Could the payment provisions of the construction act displace capped payment sums set out in letters of intent?

Edwina Acland, Sharpe Pritchard

There has been much written about (and cautioned against) the use of letters of intent over the years. It is perhaps a testament to the attention letters of intent have been given that the courts have seen very few cases recently where the parties are governed, or said to be governed, by them.

It is not my intention to repeat what are perhaps now trite warnings over the use of letters of intent in place of entering into formal contractual arrangements — although, there is no harm in repeating it, if just once. There is, however, one aspect in respect of them which has had less practitioner attention than perhaps it ought; the impact of the payment provisions of the amended construction act on the payment arrangements under letters of intent.

Given the recent prolificacy of payment related construction cases reaching the courts, it may be only a matter of time before the applicability or otherwise of the payment provisions of the act, intertwined with the complications of letters of intent, comes before the courts.1

It is not uncommon for letters of intent to include a cap on the amount payable to the contractor for the duration of time the letter is intended to cover. This should be relatively straightforward, particularly where there is an agreed schedule of rates or priced activities list, along with a clear scope of works and programme for the contractor to adhere to. In an ideal world (where the use of letters of intent is unavoidable), the scope of works, time period and cap are reasonably well aligned and the fully executed contract is entered into before either party has the opportunity to start raising concerns.

However, as is too often the case, the parties do not agree on the terms of the final contract and letters of intent continue to be issued and re-issued, or worse elapse, leaving a void as to how the relationship is governed. As time goes on, the likelihood of disagreements increases. And the chances are they will relate in some way or form to payment.

Assuming that the work authorised under a binding letter of intent is for a period of at least 45 days, it seems to me that the letter of intent could be construed as a construction contract for the purpose of the act, entitling the contractor to periodic payments.

The implications of this could be quite significant for both parties. If and to the extent the payment terms of the letters of intent do not comply with the amended act, then the relevant provisions of the act (and scheme) would apply. As such, a contractor under a lump sum/capped letter of intent could be entitled to periodic payments for the work done, even if the letter of intent did not anticipate this — and the total payable in respect of such payments would not necessarily equate to the cap.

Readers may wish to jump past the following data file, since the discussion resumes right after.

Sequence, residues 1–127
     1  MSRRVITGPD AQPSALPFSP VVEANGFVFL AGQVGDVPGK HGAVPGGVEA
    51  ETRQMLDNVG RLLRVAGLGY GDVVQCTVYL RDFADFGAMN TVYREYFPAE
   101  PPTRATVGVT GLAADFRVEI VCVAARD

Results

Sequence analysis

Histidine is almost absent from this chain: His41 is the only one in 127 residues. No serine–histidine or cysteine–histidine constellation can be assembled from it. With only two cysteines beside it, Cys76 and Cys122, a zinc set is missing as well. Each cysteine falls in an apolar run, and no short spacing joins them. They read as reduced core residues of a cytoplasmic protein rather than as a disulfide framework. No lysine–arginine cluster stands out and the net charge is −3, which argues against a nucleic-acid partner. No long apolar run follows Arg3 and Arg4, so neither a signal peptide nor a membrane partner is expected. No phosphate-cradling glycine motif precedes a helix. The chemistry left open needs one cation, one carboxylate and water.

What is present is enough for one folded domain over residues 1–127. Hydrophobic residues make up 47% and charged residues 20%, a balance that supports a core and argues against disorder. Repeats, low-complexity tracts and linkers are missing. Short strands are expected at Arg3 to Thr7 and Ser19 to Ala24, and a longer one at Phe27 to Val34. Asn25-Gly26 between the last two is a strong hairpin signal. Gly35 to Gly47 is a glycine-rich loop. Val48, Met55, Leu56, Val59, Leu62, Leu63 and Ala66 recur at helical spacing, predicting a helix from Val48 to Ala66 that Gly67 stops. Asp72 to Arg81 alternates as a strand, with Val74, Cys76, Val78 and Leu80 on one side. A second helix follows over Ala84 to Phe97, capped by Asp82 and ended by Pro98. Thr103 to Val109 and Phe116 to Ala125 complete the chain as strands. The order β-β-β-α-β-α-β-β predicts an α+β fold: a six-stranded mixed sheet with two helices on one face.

This not only places an administrative burden on the parties by needing to be alert to the importance of preparing compliant and timely payment (and pay less) notices at regular intervals, but it also opens up the question as to how much the contractor is entitled to. As it is unlikely the parties would have agreed the amounts of the periodic payments (as these were not anticipated), such amounts are implied by the provisions of the act and scheme. The key phrase in the scheme in analysing this is ‘the contract price’, as it is this which sets the upper limit of the amount payable. It is defined as: “The entire sum payable under the construction contract in respect of the work.”

An employer may argue that this means the agreed capped figure set out in the letter of intent — a position which, arguably, accords with common sense. However, as the construction contract is subject to all of the payment provisions of the act (to the extent that the letters of intent payment terms are non-compliant), section 111(1) cannot be overlooked. This requires the employer to “pay the notified sum.” In the absence of any valid payment or pay less notice from the employer, such sum is the amount notified by the contractor (by means, usually, of payment applications). If the employer has not been administering the applications as closely as the act requires, then the sum total of the periodic notified sums may exceed the cap in the letters of intent. The contractor may have some force in arguing that these become the entire sum payable by the employer.

The obvious way to avoid this risk is to ensure that, if a letter of intent is absolutely necessary, its payment terms are compliant with the amended act, and administered as such. Failing that, the employer (or its contract administrator) must not take undue comfort from any capped figure in the letter and be alert to any interim/periodic payment applications made by the contractor. Failure to respond timely and comprehensively with payment and/or pay less notices runs the risk of the letters of intent cap being dislodged by the sum total of the notified sums.

1 In Allen Wilson Shopfitters v Mr Anthony Buckingham (2005) EWHC 1165, HHJ Peter Coulson QC (as he was then) commented upon this issue, but this was before the amendments made to the 1996 act by part 8 of the Local Democracy, Economic Development and Construction Act 2009 and was an adjudication enforcement case and so the judge declined to review the correctness or otherwise of the adjudicator’s decision on the matter.

This article is for general awareness only and does not constitute legal or professional advice. The law may have changed since this page was first published.